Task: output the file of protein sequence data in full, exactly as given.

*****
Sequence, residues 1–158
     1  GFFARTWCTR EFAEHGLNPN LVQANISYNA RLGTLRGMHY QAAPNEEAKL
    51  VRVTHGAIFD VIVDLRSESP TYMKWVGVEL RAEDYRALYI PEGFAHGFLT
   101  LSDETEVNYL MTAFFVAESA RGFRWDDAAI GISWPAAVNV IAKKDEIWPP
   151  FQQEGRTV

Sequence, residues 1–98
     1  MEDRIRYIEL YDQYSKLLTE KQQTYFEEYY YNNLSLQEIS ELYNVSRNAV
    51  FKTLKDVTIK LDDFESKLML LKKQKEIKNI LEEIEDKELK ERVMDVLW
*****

Sequence, residues 1–158
     1  GFFARTWCTR EFAEHGLNPN LVQANISYNA RLGTLRGMHY QAAPNEEAKL
    51  VRVTHGAIFD VIVDLRSESP TYMKWVGVEL RAEDYRALYI PEGFAHGFLT
   101  LSDETEVNYL MTAFFVAESA RGFRWDDAAI GISWPAAVNV IAKKDEIWPP
   151  FQQEGRTV

Sequence, residues 1–98
     1  MEDRIRYIEL YDQYSKLLTE KQQTYFEEYY YNNLSLQEIS ELYNVSRNAV
    51  FKTLKDVTIK LDDFESKLML LKKQKEIKNI LEEIEDKELK ERVMDVLW